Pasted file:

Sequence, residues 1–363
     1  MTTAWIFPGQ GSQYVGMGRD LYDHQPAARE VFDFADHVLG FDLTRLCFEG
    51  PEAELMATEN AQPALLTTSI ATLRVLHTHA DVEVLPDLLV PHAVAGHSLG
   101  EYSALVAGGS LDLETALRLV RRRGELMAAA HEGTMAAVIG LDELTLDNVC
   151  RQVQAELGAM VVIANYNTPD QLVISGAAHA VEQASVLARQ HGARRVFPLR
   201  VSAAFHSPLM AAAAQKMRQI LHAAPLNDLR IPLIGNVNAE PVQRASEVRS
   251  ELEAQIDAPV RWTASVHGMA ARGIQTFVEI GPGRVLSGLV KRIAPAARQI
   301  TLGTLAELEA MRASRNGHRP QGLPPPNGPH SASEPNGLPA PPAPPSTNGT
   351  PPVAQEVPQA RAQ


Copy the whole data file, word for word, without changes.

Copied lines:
Sequence, residues 1–363
     1  MTTAWIFPGQ GSQYVGMGRD LYDHQPAARE VFDFADHVLG FDLTRLCFEG
    51  PEAELMATEN AQPALLTTSI ATLRVLHTHA DVEVLPDLLV PHAVAGHSLG
   101  EYSALVAGGS LDLETALRLV RRRGELMAAA HEGTMAAVIG LDELTLDNVC
   151  RQVQAELGAM VVIANYNTPD QLVISGAAHA VEQASVLARQ HGARRVFPLR
   201  VSAAFHSPLM AAAAQKMRQI LHAAPLNDLR IPLIGNVNAE PVQRASEVRS
   251  ELEAQIDAPV RWTASVHGMA ARGIQTFVEI GPGRVLSGLV KRIAPAARQI
   301  TLGTLAELEA MRASRNGHRP QGLPPPNGPH SASEPNGLPA PPAPPSTNGT
   351  PPVAQEVPQA RAQ